| Quote #1
That invisibility to which I refer occurs because of a peculiar disposition of the eyes of those with whom I come in contact. A matter of the construction of their inner eyes, those eyes with which they look through their physical eyes upon reality. (Prologue.2)
The narrator sets up the importance of a physical eye in this passage, which later comes in handy when analyzing Reverend Barbee and Brother Jack.
| Quote #2
For instance, I have been carrying on a fight with Monopolated Light and Power for some time now. I use their service and pay them nothing at all, and they don't know it. Oh, they suspect that power is being drained off, but they don't know where. All they know is that according to the master meter back there in their power station a hell of a lot of free current is disappearing somewhere into the jungle of Harlem. The joke, of course, is that I don't live in Harlem but in a border area. (Prologue.7)
Ripping off the power company is the narrator's form of social protest while maintaining his invisibility.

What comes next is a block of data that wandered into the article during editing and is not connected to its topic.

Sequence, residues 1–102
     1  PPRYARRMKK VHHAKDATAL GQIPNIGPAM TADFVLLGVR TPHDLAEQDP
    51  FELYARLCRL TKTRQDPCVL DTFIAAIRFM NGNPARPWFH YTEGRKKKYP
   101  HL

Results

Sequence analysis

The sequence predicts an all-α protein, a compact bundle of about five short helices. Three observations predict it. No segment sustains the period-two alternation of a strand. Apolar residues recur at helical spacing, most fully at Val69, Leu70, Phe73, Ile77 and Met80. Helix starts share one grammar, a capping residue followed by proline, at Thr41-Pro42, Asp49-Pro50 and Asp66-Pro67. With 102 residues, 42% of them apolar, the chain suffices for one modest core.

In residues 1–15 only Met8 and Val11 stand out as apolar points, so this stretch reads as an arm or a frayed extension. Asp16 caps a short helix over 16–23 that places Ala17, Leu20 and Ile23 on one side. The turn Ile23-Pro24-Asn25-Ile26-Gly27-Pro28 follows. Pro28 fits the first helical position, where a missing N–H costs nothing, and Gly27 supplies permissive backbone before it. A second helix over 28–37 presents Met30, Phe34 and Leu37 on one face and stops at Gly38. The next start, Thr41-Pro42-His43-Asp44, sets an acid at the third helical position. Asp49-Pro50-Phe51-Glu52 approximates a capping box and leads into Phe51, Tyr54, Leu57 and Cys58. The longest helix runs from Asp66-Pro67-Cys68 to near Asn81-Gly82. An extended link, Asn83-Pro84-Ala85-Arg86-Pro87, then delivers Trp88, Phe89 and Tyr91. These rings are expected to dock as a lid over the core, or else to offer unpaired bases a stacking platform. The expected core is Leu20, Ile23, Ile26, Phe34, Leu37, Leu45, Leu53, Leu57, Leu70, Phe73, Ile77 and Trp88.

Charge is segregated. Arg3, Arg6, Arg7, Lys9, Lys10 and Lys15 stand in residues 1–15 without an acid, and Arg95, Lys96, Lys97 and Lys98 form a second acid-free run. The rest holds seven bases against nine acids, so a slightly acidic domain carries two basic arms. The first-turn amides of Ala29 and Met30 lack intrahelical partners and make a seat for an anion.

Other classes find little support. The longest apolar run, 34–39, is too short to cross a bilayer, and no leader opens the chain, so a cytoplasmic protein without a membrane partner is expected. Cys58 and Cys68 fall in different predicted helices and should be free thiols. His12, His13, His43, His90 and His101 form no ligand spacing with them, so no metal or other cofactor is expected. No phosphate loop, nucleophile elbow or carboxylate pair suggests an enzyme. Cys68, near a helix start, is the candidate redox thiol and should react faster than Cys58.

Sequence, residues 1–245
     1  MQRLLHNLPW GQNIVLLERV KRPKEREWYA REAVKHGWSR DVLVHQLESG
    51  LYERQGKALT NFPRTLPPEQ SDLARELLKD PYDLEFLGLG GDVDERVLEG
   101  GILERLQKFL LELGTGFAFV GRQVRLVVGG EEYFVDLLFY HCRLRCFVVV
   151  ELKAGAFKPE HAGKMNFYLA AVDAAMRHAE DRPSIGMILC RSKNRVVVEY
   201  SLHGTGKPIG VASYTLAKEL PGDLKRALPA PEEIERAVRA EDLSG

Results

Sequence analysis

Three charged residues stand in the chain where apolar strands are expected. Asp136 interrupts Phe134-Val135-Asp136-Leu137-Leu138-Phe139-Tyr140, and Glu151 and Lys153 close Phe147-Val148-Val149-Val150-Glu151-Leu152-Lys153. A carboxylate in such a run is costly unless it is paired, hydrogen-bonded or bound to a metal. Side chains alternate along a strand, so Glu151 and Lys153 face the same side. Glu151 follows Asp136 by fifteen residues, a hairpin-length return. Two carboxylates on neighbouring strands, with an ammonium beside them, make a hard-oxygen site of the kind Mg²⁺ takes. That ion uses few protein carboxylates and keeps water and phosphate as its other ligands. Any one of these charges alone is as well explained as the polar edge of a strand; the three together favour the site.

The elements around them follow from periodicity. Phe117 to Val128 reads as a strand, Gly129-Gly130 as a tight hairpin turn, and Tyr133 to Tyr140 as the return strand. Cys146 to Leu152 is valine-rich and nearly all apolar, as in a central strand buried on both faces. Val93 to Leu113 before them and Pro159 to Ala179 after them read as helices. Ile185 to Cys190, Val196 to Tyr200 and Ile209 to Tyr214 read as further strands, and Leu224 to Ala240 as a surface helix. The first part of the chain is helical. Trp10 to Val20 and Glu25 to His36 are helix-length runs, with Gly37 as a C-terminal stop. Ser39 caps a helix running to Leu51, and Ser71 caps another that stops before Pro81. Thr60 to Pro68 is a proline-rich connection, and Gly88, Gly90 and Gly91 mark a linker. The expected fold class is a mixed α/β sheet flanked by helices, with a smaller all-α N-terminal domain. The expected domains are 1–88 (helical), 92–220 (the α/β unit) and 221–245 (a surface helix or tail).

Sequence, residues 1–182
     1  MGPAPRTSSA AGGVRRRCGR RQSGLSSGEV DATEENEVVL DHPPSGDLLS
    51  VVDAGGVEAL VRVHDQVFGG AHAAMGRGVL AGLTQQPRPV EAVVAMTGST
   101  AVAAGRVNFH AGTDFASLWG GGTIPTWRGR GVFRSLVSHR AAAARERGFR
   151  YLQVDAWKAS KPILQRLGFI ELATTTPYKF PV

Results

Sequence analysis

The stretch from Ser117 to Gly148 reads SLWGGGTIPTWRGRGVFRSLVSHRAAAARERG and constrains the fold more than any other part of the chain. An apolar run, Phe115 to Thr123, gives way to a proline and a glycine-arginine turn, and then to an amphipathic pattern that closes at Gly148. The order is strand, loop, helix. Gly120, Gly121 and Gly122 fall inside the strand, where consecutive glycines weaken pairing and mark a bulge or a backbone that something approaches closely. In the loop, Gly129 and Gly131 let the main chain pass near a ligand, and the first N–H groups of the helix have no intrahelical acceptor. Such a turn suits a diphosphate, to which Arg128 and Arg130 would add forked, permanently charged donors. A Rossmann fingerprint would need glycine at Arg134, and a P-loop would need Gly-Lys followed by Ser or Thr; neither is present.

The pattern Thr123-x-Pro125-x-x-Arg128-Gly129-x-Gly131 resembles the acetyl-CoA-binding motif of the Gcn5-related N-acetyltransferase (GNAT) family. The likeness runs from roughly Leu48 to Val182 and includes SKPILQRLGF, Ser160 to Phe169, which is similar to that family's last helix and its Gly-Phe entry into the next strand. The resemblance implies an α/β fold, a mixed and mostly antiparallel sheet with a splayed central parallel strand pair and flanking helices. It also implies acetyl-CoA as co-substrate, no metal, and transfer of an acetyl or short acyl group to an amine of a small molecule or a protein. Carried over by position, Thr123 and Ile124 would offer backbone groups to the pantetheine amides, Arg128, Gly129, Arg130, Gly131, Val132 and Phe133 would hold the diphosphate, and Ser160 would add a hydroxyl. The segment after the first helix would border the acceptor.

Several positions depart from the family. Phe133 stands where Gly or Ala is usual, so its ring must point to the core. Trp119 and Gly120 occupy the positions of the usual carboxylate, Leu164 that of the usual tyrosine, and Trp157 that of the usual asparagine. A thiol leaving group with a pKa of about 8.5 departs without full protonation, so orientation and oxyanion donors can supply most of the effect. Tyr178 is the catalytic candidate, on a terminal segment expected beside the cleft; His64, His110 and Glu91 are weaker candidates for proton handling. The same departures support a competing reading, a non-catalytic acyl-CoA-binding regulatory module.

| Quote #3
On his deathbed he called my father to him and said, "Son, after I'm gone I want you to keep up the good fight. I never told you, but our life is a war and I have been a traitor all my born days, a spy in the enemy's country ever since I give up my gun back in the Reconstruction. Live with your head in the lion's mouth. I want you to overcome 'em with yeses, undermine 'em with grins, agree 'em to death and destruction, let 'em swoller you till they vomit or bust wide open…Learn it to the younguns," he whispered fiercely; then he died. (1.2)
The narrator's grandfather advises compliance as the route to eventually overcoming white-dominated society. His words are a refrain throughout the book; each time it reappears, it is given new meaning.